This is the second year for my windows. I still haven't taken them down yet and am not concerned about the overall life being shortend.   My upper windows are exposed to the weather, and here in Ohio, we get everything.  Last year, my first using them, I had one section that seemed to wick up the moisture. I should note, the wicking was at my cut joint. After bringing it in the house and resealing the end with silicone, I've had no further issues.   As I have posted other times, I would label these as somewhat fragile and limit any un-needed flexing of the ribbons.  

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We're here in central Indiana so it's nice to hear that you've been successful with very similar weather.  Thanks for sharing your experience.   I think we'll give it a try.  

 

I've been tinkering with an idea to use aluminum L channel and stick the strip in place with double-sided exterior rated tape. reinforced periodically with a small wiretie every so often through holes drilled in the L channel.  The thought being that the L portion could be used as a little top overhang "Roof" and provide rigidity to the strip as well. 

 

I'd drill holes in each end of the L channel and sink a permanent double threaded stud screwed in through the aluminum trim on the house at the peaks lower end of the roof line with only about 3/4" of the threaded stud left exposed.   I'd then simply install the aluminum light channel with a stainless steel washer and nut on the threaded stud through the holes drilled on each end of the L channel allowing for easy removal if maintenance was ever needed.  The aluminum would serve to give it a consistent dust free surface to mount to while on the ground, then I'd only have to run up the ladder once at the peak and once for each end by the gutter downspouts.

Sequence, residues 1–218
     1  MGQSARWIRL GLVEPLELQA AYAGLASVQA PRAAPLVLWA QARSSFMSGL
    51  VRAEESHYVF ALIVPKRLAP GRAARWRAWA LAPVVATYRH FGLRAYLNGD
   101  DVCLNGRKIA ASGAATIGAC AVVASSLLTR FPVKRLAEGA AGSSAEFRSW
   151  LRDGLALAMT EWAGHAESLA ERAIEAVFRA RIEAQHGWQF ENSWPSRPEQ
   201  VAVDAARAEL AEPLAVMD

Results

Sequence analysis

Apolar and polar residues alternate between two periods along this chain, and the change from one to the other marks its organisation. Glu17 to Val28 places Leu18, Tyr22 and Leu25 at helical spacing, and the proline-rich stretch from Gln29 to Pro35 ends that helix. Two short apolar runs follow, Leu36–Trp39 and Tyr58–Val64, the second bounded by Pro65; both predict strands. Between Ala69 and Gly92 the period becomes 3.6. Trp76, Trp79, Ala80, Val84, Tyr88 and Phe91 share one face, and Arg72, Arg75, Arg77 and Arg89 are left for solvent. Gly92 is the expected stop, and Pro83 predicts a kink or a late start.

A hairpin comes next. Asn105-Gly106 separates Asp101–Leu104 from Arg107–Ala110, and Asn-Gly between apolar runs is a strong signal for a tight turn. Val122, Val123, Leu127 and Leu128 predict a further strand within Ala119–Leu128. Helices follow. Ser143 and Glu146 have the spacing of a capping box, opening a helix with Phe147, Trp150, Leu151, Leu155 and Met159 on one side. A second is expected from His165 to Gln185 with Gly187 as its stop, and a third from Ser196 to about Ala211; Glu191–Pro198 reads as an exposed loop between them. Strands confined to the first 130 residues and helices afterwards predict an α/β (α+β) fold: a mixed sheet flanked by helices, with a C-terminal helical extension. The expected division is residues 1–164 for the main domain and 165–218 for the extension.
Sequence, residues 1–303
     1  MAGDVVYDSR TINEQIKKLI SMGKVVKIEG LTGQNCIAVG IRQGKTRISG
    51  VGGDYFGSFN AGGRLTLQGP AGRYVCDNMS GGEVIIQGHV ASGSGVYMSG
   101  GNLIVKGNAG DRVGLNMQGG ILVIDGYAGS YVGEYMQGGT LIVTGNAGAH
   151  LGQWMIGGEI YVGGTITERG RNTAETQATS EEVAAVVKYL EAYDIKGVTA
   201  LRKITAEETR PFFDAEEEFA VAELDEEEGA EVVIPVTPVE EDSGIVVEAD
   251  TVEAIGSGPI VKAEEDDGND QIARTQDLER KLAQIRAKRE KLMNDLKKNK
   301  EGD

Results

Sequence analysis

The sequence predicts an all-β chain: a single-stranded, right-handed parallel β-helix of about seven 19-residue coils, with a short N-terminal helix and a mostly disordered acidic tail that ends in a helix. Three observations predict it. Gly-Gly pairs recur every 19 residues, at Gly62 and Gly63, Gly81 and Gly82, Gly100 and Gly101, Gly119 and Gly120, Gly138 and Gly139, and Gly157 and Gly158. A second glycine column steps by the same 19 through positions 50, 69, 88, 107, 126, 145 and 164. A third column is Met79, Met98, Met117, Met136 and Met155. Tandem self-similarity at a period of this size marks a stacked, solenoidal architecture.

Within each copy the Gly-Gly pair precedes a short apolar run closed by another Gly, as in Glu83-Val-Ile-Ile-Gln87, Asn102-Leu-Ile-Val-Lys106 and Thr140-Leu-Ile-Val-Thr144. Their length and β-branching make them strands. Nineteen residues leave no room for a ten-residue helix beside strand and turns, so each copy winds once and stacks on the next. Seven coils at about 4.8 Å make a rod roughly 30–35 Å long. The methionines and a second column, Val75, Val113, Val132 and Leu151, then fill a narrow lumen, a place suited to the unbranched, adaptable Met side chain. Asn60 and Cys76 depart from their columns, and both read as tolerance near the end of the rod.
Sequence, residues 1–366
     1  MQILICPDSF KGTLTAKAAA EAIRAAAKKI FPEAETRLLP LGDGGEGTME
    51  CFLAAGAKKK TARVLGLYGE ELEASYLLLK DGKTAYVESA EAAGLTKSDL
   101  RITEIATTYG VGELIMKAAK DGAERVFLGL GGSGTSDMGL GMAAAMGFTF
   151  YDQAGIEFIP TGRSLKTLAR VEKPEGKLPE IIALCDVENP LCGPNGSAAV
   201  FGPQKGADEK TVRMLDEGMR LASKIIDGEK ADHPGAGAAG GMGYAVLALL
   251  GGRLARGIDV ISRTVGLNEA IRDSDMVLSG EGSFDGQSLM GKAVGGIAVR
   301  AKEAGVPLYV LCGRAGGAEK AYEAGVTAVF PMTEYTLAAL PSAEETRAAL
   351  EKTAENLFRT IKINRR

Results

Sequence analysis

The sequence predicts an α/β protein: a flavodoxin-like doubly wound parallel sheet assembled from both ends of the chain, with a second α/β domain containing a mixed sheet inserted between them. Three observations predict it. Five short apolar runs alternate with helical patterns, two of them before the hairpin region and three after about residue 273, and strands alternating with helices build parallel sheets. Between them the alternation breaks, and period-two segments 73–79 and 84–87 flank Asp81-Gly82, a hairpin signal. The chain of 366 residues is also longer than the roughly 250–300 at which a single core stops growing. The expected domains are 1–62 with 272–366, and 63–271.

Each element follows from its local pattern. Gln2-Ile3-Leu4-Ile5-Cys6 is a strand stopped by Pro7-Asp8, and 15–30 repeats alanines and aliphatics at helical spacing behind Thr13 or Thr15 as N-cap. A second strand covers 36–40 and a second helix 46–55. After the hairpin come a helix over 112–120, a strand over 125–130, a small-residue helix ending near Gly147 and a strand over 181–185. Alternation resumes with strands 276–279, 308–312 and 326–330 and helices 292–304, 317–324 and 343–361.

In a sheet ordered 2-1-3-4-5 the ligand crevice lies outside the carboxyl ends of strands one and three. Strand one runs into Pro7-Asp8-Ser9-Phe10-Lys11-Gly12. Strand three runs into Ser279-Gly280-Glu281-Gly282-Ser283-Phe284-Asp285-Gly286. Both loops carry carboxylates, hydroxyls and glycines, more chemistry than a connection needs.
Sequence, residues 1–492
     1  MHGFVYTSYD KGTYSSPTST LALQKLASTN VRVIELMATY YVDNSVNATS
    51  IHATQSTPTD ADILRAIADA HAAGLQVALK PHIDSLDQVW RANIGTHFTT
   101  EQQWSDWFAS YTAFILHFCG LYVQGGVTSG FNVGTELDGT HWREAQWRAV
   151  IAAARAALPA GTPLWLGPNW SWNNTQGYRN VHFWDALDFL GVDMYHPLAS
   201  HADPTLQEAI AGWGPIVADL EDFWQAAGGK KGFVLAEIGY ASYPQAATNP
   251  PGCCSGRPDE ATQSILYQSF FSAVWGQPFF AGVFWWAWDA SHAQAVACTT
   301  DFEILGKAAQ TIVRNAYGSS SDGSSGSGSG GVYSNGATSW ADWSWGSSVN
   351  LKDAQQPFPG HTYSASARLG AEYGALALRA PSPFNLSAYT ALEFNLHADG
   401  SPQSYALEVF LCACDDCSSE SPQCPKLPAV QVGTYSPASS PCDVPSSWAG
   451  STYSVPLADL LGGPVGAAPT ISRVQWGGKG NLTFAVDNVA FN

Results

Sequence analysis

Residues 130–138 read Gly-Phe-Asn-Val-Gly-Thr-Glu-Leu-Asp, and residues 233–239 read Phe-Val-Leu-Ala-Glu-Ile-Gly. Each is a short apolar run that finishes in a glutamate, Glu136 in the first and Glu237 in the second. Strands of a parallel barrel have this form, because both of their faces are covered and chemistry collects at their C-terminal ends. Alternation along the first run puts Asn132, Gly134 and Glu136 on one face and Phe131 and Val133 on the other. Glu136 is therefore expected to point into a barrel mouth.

Still thinking about it.

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About 6 months or so I asked the community the best way to mount CCRs on houses. Many of the responses I got referenced PVC and J-channel. I was looking for a permanent solution that I wouldn't have to disassemble each year and that would look nice during the day.

Long story short I came upon glazing tape. It is a double sided tape. It is waterproof and comes in black or white; it costs about 12$ for a 100 ft roll. My house is white so I used the white tape. It works great. I have 11 CCRs on my house and not one has come unattached in the last 4 months. They have been through rain, snow, freezing temperatures, heavy winds over 60mph.

One item to note is that it won't stick on abrasive surfaces such as brick. My house having a brick front was an issue for this reason, for some corners of the house. I solved this issue by putting up aluminum flat bar along the brick. This sells for about 5-6$ for a 12 feet section from a metal supply store. I use flat bar that is a little narrower than the CCR so you can't see the aluminum. The glazing tape adheres nicely to the aluminum base.

Could you provide a link to the Glazing Tape please.

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I echo Steve's remarks.  Two of my CCRs have been outdoors continuously experiencing the sun and the elements for the past three and a half years, and to date I've noticed absolutely no signs of weathering or moisture accumulation.  If I didn't know which ones they are I wouldn't be able to tell.

 

And I agree, in CAPITAL LETTERS, that anything you can do to minimize flexing the ribbons will definitely prolong their life span.

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http://www.flickr.com/photos/94341905@N03/sets/72157633080187981/

 

Here is the link to the pictures.  Sorry this took so long!